Friday, May 13, 2011

My Quest To See the 1000 Greatest: Pyaasa (1957)

Pyaasa is #583 in  
My Quest to watch the 1000 Greatest Films

Screened 02/14/11 on DVD

Ranked #420 on TSPDT

*this is one in a series of catch-up reviews in my aforementioned quest (which should explain the rather old screening date above).


Its title can be translated as "eternal thirst" and this translation says everything you need to know about the movie.  Nonetheless, I suppose I should say a few more things about it anyway.  After all, it is  considered one of the greatest Indian films ever made (personally making my top three along with the obvious Pather Panchali and the oft-overlooked The Cloud-Capped Star).

Pyaasa is the tragic love story of a down-and-out poet and a prostitute.  Guru Dutt, director and lead, is one of the most lyrical directors of all-time and it shows most of all in this, his masterpiece.  When Time Magazine named it one of the 100 Best Films of All-Time, they called it "soulfully romantic" and they got it just right.  Dutt shows both extreme desire and utter despair in one swell swoop of his camera.  Even the songs in the movie (and yes, it is India so there must be singing and dancing) range from giddy to melancholy.  Of course this being an Indian film (and one directed by the tragic Mr. Dutt) the despair greatly outweighs the rest of the film.  As tragic as the story is, the beauty of what Dutt is trying to say comes through in a manner that is almost heavenly.  In the uniquely romantic-tragic way directors such as Rene Clair or Mikio Naruse before him or Lars von Trier after him have accomplished, Dutt's Pyaasa, much more than his earlier films, makes it a cinematic reality in the film's inherent pulchritude.

The real tragedy though, comes not in his films, but in the director's own life.  After making only eight films as a director (more as an actor) Dutt was found dead in his apartment one day in 1964.  The director was just thirty-nine years old.  The most viable story (he was mixing drugs and alcohol) is that Dutt committed suicide, but the director's family claims it was an accidental overdose.  The fact that he had two previous suicide attempts makes one take one story's side over the other.  Whatever the case, Dutt became an even more tragic figure than the one's he portrayed on film.  And the reason for this tragic finale (one that seemed to echo the ideas of his films) has a connection of sorts to Pyaasa.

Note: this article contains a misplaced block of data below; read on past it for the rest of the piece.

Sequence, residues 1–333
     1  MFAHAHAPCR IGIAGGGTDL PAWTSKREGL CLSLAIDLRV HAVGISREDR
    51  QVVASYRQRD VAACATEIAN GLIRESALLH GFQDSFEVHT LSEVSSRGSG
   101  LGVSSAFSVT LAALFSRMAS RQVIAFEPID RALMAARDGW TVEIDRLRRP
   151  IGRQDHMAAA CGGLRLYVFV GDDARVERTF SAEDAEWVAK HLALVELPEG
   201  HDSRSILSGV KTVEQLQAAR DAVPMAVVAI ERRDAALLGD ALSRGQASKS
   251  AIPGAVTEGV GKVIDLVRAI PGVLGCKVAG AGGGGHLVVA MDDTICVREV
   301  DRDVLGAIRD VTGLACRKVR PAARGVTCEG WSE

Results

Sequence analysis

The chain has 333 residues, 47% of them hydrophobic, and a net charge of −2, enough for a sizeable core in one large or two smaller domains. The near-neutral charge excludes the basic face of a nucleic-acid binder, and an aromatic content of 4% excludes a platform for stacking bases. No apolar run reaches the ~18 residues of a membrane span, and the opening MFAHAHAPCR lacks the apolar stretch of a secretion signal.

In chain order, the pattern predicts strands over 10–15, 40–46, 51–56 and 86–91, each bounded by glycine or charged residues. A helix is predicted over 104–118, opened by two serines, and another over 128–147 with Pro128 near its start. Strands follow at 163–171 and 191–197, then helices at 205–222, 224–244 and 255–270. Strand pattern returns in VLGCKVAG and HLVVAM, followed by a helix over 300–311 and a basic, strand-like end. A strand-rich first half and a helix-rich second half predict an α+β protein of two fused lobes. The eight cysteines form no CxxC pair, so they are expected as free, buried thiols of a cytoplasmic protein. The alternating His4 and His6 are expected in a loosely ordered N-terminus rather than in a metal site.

Having recently separated from his wife Geeta Dutt (her voice can be heard singing in many Indian classics, including Pyaasa) and having an affair with his Pyaasa costar (as well as the star of his final film, 1959's Kaagaz Ke Phool), the ravishing Waheeda Rehman (who incidentally is remarkable as the prostitute in the movie - giving the character a certain sense of longing and desperation while also making her a strong female character) Dutt's life was in an upheaval at the time.  Of course this is all mere speculation (though a seemingly educated kind of speculation) and it is what is in his films that really matters here - even if, as with any great artist, that cinematic life is invariably entangled with the so-called real life.

As far as the film itself goes, as I have already made mention of, it is a thing of beauty - both visually and psychologically.  An artist at his bravest yet also at his most tender in many ways.  I have yet to watch the Indian auteur's final film, the aforementioned Kaagaz Ke Phool (a widescreen disaster at the time - which most likely added to his already morbid state of mind those last few years - but posthumously heralded as a masterpiece) so I cannot compare Pyaasa to it.  All I can say right now is that Pyaasa is the best of Dutt's sadly-truncated oeuvre (and even after seeing his last film, it can only drop to second best) and what a shame (as one must inevitably claim) his life and art were cut so tragically short.

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